Seeking oil, gas, CSM in onshore NZ

L&M Petroleum's 2008 exploration program – covering conventional petroleum and coal seam methane – has the potential to add more than $A14 to the company's share price, company chief executive John Bay told the Excellence in Upstream Oil & Gas Conference in Sydney on Monday afternoon.
Seeking oil, gas, CSM in onshore NZ Seeking oil, gas, CSM in onshore NZ Seeking oil, gas, CSM in onshore NZ Seeking oil, gas, CSM in onshore NZ Seeking oil, gas, CSM in onshore NZ

Bay said the ASX and NZX-listed junior was making good progress exploring for conventional petroleum in its six permits that covered two South Island geological basins, despite none of its wells so far striking commercial quantities of hydrocarbons.

But L&M's initial foray into CSM was also very exciting, he said.

Last week L&M announced its initial review of the CSM potential of its onshore Western Southland Basin permits had identified three CSM fairways with the potential to hold up to 300 billion cubic feet of gas.

It said that Eocene-aged Beaumont coals present in the Takitimu North, Takitimu South and Longwood fairways extended for about 85km through the three licences.

L&M has high hopes for the possible $NZ2 million ($A1.62 million) CSM program it plans to start next month, according to Bay.

This will involve drilling three CSM wells in PEP 38226, acquiring 15km of new 2D seismic in each of the permits to confirm additional CSM targets, and drilling up to five additional CSM wells, depending on the outcome of the seismic shoot.

L&M and its respective partners hold stakes in four Western Southland Basin licences - PEP 38226 (Waiau), PEP 38230 (Te Anau), the onshore-offshore PEP 38237 (Waitutu) and PEP 38238 (Blackmount) - and two Western Basin licences, PEP 38521 (West Coast) and the just awarded PEP 50558 (Hohonu).

Bay said L&M had completed various geological and geophysical studies and shot seismic over several Western Southland permits. It was also looking to farm-out some of its interests in several licences, with the aim of further drilling early next year.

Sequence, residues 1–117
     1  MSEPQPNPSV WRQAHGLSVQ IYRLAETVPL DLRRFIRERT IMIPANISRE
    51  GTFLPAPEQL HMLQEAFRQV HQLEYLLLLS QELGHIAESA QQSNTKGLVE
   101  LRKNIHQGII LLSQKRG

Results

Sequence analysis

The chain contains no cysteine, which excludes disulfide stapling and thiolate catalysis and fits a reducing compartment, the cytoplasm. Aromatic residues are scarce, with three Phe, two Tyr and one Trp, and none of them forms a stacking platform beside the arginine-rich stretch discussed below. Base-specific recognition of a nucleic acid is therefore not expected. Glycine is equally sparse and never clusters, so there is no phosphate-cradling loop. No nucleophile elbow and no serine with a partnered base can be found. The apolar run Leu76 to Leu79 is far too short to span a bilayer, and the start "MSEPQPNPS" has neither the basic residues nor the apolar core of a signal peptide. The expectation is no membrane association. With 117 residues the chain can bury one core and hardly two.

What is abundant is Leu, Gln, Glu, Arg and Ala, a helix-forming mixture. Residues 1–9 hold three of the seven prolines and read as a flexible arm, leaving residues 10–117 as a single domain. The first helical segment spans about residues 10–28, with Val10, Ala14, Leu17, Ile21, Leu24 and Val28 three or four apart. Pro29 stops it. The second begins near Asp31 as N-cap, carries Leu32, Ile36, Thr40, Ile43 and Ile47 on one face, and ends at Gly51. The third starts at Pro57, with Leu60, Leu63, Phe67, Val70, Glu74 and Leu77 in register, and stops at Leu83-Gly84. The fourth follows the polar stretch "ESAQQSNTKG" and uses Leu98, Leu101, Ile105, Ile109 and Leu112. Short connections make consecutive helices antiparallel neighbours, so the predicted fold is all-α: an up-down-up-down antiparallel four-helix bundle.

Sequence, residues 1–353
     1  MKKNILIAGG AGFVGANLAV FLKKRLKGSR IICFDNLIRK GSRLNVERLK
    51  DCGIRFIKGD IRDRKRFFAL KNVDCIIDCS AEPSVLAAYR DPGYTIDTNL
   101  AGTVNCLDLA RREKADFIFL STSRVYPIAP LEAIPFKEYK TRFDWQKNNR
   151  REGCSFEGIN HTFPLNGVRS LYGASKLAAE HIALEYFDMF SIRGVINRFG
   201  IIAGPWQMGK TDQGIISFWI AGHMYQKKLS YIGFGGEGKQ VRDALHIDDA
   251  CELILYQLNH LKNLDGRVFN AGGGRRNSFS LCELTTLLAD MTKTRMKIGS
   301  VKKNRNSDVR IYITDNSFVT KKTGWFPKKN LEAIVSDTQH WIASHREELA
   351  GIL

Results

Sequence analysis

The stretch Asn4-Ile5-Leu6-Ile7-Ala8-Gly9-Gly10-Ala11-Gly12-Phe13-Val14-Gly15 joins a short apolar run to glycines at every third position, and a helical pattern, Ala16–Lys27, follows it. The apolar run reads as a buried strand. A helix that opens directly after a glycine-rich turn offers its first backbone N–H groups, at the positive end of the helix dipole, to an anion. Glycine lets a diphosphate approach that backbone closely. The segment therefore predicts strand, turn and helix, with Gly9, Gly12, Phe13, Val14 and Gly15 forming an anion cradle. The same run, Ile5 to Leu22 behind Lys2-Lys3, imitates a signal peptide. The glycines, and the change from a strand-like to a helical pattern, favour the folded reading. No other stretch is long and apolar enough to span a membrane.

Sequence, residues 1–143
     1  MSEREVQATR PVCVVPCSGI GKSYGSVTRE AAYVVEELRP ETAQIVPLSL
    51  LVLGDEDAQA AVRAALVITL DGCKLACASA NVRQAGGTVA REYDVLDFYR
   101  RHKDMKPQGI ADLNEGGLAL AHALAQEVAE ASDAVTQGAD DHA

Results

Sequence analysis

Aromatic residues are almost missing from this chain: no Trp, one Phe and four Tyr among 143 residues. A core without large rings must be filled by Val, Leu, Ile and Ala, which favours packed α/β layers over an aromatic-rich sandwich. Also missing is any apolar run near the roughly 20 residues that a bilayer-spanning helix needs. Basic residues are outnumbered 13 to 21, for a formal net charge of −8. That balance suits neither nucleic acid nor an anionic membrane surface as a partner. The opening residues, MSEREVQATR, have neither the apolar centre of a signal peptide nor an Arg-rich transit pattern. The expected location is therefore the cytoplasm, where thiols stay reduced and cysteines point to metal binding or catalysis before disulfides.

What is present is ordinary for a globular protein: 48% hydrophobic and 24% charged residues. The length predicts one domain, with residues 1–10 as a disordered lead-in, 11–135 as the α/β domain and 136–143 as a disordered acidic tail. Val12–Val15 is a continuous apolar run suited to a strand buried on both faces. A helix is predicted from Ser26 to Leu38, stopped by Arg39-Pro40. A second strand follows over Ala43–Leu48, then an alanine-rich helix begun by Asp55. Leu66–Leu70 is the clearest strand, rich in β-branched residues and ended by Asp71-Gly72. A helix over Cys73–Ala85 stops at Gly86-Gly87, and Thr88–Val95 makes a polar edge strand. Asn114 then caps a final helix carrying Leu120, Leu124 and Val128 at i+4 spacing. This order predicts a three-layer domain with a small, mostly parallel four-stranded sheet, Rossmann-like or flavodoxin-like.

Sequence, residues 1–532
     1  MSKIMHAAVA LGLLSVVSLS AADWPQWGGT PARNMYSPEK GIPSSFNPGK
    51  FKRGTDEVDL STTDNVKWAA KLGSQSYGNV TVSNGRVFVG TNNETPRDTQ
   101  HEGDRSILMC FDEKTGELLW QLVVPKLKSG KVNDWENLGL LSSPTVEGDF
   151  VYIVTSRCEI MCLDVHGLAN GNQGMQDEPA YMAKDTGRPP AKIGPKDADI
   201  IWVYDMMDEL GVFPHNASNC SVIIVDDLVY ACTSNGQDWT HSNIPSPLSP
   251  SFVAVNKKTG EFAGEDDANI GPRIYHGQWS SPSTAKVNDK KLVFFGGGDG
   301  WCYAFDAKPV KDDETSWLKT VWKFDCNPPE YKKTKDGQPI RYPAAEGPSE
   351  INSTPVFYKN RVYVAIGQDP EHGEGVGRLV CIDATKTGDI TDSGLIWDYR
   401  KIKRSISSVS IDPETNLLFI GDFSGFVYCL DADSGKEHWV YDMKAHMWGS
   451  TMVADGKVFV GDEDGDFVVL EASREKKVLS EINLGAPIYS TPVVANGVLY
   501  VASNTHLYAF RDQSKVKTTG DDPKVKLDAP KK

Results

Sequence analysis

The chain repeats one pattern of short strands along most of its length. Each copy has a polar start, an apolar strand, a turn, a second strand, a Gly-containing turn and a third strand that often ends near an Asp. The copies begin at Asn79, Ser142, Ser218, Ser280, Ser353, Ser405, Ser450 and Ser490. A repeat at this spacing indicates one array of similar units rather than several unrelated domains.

These included farm-outs of the Whitestone Prospect in PEP 38230 (Te Anau), farm-out of the Otahu Prospect in PEP 38226 (Waiau), and farm-outs of the Pounamu Prospect in PEP 38521 (West Coast).

L&M said its mean estimate of gas in place at Otahu was about 297 billion cubic feet, while Whitestone had a mean estimate of 156 million barrels of oil in place.

On the West Coast, in licence PEP 38521 where L&M drilled the Fireball Creek-1 well earlier this year, other targets included the Pounamu prospect, with a mean estimate of 43MMbbl of oil in place.

In the most southern licence, PEP 38237, L&M had shot 1015km of offshore 2D seismic, which had identified several significant leads, including Waitutu, East Waitutu, Solander and Solander South. No onshore seismic had been acquired but several surface anticlines had been mapped, Bay said.

But he also said it was unlikely an offshore well would be drilled before 2010 when other Great South Basin permit operators ExxonMobil, Austrian giant OMV, and New Zealand private companies Greymouth Petroleum and Green Gate might be coordinating efforts to bring a semi-submersible rig to the southern South Island.

L&M's total planned 2008 exploration program - assuming a 25% recovery factor for oil and a 75% recovery factor for gas - plus any farm-outs could potentially increase the company's share price by more than $A14, Bay concluded.

The market capitalisation of Wellington-headquartered L&M is now about $A31.5 million and it has about $A10.4 million cash in hand.

It debuted on the ASX and NZX in January 2007 at levels of about A20c and NZ22c respectively and - following a series of non-commercial wells in onshore Southland last year and one on the West Coast earlier this year - its share price had languished at about half the initial public offering levels.

However, its shares spiked on news of the CSM program, closing on the ASX at A18c, up from A10c, and at NZ24c, up from NZ12c, on the NZX.


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